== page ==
We have revealed a reorientation of ectodomain I of the epidermal growth factor receptor (EGFR; ErbB1; Her1) in living CHO cells expressing the receptor, upon binding of the native ligand EGF. The state of the unliganded, nonactivated EGFR was compared to that exhibited after ligand addition in the presence of a kinase inhibitor that prevents endocytosis but does not interfere with binding or the ensuing conformational rearrangements. To perform these experiments, we constructed a transgene EGFR with an acyl carrier protein sequence between the signal peptide and the EGFR mature protein sequence. This protein, which behaves similarly to wild-type EGFR with respect to EGF binding, activation, and internalization, can be labeled at a specific serine in the acyl carrier tag with a fluorophore incorporated into a 4′-phosphopantetheine (P-pant) conjugate transferred enzymatically from the corresponding CoA derivative. By measuring Förster resonance energy transfer between a molecule of Atto390 covalently attached to EGFR in this manner and a novel lipid probe NR12S distributed exclusively in the outer leaflet of the plasma membrane, we determined the apparent relative separation of ectodomain I from the membrane under nonactivating and activating conditions. The data indicate that the unliganded domain I of the EGFR receptor is situated much closer to the membrane before EGF addition, supporting the model of a self-inhibited configuration of the inactive receptor in quiescent cells. © 2013 International Society for Advancement of Cytometry.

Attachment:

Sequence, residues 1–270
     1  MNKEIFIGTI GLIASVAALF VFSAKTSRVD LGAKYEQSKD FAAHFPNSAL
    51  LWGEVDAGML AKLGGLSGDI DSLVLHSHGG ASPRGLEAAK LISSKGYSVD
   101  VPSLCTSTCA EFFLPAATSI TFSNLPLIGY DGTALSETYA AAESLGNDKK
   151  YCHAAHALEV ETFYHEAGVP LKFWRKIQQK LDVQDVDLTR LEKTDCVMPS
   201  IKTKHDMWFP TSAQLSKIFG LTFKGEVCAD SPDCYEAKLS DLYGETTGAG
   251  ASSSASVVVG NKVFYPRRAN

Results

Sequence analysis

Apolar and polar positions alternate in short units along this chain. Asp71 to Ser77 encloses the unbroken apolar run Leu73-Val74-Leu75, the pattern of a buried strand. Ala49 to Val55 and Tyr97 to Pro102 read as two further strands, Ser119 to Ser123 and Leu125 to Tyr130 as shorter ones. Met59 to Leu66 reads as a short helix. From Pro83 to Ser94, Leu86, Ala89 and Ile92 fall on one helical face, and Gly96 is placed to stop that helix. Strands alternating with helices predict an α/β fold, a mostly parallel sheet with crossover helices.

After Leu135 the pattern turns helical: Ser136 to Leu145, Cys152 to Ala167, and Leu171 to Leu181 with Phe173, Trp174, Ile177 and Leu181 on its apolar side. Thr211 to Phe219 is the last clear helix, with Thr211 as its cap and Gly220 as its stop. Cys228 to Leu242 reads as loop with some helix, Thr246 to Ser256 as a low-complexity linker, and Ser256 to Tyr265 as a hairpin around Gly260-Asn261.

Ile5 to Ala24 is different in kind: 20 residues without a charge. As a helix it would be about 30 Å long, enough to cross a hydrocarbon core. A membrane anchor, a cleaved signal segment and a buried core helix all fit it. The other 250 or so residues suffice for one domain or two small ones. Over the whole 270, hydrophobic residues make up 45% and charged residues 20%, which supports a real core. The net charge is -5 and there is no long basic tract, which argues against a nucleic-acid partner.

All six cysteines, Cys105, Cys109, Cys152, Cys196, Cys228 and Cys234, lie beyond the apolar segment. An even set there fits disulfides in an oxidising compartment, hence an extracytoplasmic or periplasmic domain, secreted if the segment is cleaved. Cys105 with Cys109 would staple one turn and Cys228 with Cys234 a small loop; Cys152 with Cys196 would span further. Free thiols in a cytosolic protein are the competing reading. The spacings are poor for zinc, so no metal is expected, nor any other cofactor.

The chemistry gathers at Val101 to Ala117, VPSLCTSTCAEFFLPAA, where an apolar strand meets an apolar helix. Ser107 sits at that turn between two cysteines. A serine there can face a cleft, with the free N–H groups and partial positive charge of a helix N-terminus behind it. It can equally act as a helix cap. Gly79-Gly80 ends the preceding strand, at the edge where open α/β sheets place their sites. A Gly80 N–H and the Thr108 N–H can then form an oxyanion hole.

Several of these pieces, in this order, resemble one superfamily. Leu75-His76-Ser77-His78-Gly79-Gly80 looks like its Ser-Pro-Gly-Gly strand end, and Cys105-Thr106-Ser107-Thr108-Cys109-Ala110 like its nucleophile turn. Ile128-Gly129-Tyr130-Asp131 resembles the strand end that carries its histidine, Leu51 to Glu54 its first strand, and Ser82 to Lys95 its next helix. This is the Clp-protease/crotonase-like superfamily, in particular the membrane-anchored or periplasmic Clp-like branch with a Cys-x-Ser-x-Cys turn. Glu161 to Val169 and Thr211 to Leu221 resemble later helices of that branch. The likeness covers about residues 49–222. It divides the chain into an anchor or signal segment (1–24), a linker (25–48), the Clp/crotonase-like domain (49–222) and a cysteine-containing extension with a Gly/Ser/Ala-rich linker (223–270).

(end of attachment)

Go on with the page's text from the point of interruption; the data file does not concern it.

Yin G.,Max Planck Institute for Biophysical Chemistry | Lopes da Fonseca T.,University of Gottingen | Eisbach S.E.,University of Gottingen | Anduaga A.M.,University of Leicester | And 18 more authors.
Neurobiology of Disease | Year: 2014

Alpha-synuclein (αS) misfolding is associated with Parkinson's disease (PD) but little is known about the mechanisms underlying αS toxicity. Increasing evidence suggests that defects in membrane transport play an important role in neuronal dysfunction. Here we demonstrate that the GTPase Rab8a interacts with αS in rodent brain. NMR spectroscopy reveals that the C-terminus of αS binds to the functionally important switch region as well as the C-terminal tail of Rab8a. In line with a direct Rab8a/αS interaction, Rab8a enhanced αS aggregation and reduced αS-induced cellular toxicity. In addition, Rab8 - the Drosophila ortholog of Rab8a - ameliorated αS-oligomer specific locomotor impairment and neuron loss in fruit flies. In support of the pathogenic relevance of the αS-Rab8a interaction, phosphorylation of αS at S129 enhanced binding to Rab8a, increased formation of insoluble αS aggregates and reduced cellular toxicity. Our study provides novel mechanistic insights into the interplay of the GTPase Rab8a and αS cytotoxicity, and underscores the therapeutic potential of targeting this interaction. © 2014 Elsevier Inc.